Killer whales have been observed in all oceans and seas of the world. Although reported from tropical and offshore waters, they occur at higher densities in colder and more productive waters, with the greatest densities found at high latitudes. Along the west coast of North America, killer whales occur along the entire Alaskan coast, in British Columbia and Washington inland waters, and along the outer coasts of Washington, Oregon, and California. Seasonal and year-round occurrence has been noted for killer whales throughout Alaska and in the intracoastal waterways of British Columbia and Washington State, where pods have been labeled as ‘resident,’ ‘transient,’ and ‘offshore’ based on aspects of morphology, ecology, genetics, acoustics and behavior. Through examination of photographs of individuals recognizable by differences in dorsal fin shape and saddle patch patterns, movements of whales between geographical areas have been documented. For example, Alaskan killer whales have been observed in British Columbia, Washington and California. When born, killer whales are 2.1 to 2.4 m long and weigh up to 180 kg; by the time they are adults, males are 9.5 m and weigh at least 8 tons, and females are 7 m long and weigh up to 4 tons.
- MATKIN, C. O., J. W. DURBAN, E. L. SAULITIS, R. D. ANDREWS, J. M. STRALEY, D. R. MATKIN, and G. M. ELLIS.
2012. Contrasting abundance and residency patterns of two sympatric populations of transient killer whales (Orcinus orca) in the northern Gulf of Alaska. Fish. Bull., U.S. 110:143-155. (.pdf, 1.16 MB). Online.
- FOSTER, E. A., D. W. FRANKS, L. J. MORRELL, K. C. BALCOMB, K. M. PARSONS, A. van GINNEKEN, and D. P. CROFT.
2012. Social network correlates of food availability in an endangered population of killer whales, Orcinus orca. Anim. Behav. 83(3):731-736.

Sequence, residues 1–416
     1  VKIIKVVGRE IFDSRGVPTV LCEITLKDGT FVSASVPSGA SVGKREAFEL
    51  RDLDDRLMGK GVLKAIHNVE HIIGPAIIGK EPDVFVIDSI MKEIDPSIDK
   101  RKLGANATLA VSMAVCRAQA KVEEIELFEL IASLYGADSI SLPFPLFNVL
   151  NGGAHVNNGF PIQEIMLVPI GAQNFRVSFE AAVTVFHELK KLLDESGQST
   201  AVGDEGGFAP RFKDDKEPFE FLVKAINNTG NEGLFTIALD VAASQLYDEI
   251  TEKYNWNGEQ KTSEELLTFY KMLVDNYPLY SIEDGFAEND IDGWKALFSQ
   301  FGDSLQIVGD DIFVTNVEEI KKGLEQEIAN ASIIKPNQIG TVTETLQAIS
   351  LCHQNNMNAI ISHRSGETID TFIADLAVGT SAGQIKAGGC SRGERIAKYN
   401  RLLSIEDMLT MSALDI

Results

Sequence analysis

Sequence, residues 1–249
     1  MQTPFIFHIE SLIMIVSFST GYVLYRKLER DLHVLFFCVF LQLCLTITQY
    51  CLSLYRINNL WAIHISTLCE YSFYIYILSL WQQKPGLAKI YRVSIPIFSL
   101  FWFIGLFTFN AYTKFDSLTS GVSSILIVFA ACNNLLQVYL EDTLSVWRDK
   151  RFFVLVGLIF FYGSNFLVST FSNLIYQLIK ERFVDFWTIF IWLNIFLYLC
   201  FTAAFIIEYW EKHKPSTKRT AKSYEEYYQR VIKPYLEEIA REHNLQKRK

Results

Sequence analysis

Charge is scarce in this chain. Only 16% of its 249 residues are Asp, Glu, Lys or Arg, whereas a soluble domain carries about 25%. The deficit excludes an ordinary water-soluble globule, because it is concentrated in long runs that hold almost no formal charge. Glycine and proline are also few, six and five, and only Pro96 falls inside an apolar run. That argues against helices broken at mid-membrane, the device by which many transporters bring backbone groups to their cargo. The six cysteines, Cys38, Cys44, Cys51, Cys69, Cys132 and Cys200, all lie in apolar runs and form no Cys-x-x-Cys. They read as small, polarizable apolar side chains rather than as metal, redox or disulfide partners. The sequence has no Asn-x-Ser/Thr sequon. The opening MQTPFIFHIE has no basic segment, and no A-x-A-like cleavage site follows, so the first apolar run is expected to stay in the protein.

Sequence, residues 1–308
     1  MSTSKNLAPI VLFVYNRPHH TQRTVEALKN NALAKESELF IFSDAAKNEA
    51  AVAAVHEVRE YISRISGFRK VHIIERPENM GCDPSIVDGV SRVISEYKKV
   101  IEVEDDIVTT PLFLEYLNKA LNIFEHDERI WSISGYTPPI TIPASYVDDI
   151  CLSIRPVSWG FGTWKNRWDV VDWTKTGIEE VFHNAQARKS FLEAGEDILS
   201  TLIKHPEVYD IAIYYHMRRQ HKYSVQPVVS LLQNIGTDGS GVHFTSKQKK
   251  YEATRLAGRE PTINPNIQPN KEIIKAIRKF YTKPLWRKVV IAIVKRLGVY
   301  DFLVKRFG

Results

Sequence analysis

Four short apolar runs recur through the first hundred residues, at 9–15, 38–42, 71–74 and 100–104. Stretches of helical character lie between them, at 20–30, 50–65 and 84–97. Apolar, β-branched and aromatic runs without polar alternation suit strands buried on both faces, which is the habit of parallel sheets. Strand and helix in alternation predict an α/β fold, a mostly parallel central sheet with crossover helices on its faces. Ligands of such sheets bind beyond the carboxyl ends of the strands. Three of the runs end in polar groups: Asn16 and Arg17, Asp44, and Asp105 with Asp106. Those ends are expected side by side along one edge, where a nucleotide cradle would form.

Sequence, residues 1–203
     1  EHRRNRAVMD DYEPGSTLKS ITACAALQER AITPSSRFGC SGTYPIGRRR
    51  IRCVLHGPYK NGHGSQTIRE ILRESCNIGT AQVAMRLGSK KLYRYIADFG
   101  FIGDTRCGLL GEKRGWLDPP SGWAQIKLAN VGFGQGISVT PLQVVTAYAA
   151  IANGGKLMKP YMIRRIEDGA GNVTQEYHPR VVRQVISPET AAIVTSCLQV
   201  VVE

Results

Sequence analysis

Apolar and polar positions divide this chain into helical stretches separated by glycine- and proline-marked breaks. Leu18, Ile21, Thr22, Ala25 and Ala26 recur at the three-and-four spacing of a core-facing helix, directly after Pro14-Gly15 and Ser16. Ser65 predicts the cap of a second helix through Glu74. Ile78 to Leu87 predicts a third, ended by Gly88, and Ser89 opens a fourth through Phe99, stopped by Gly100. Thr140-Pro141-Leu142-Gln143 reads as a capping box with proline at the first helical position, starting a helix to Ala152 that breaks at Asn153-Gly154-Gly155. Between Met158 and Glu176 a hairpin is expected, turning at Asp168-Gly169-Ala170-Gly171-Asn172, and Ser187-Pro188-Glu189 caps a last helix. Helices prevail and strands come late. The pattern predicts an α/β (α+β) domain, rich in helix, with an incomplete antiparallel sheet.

- PITMAN, R. L., J. W. DURBAN, M. GREENFELDER, C. GUINET, M. JORGENSEN, P. A. OLSON, J. PLANA, P. TIXIER, and J. R. TOWERS.
2011. Observations of a distinctive morphotype of killer whale (Orcinus orca), type D, from subantarctic waters. Polar Biol. 34:303-306.
- FORD, M. J., M. B. HANSON, J. A. HEMPELMANN, K. L. AYRES, C. K. EMMONS, G. S. SCHORR, R. W. BAIRD, K. C. BALCOMB, S. K. WASSER, K. M. PARSONS, and K. BALCOMB-BARTOK.
2011. Inferred paternity and male reproductive success in a killer whale (Orcinus orca) population. J. Heredity 102:537-553.
- Search the AFSC database for additional Killer Whale publications
- Killer whale (Orcinus orca) Depredation on the Greenland Halibut (Reinhardtius hippoglossoides) Longline Fishery in the Sea of Okhotsk
3.22 MB Online.
- How "Resident" are Resident-type Killer Whales in Alaska? New Data Show Similar Widespread Movement Patterns in the Fall
703 KB Online.
- Agent-based Modeling of the Dynamics of Mammal-eating Killer Whales and Their Prey: Not Your Lynx-Hare Cycle
1.94 MB Online.
- Search the AFSC database for additional Killer Whale posters
- AT1 Transient: 2005
- Eastern North Pacific Alaska Resident: 2006 2005
- Eastern North Pacific Northern Resident: 2005 2001 1998
- Eastern North Pacific Offshore: 2003 2000 1999
- Eastern North Pacific Transient: 2000 1999 1998
- Eastern North Pacific Southern Resident: 2006 2005 2004 2003 2002 2001 2000 1999
- Gulf of Alaska, Aleutian Islands, and Bering Sea Transient: 2006 2005
- Hawaii: 2004 2000
- Northern Gulf of Mexico: 2005 2003 1995
- West Coast Transient: 2005
- Western North Atlantic: 2000 1995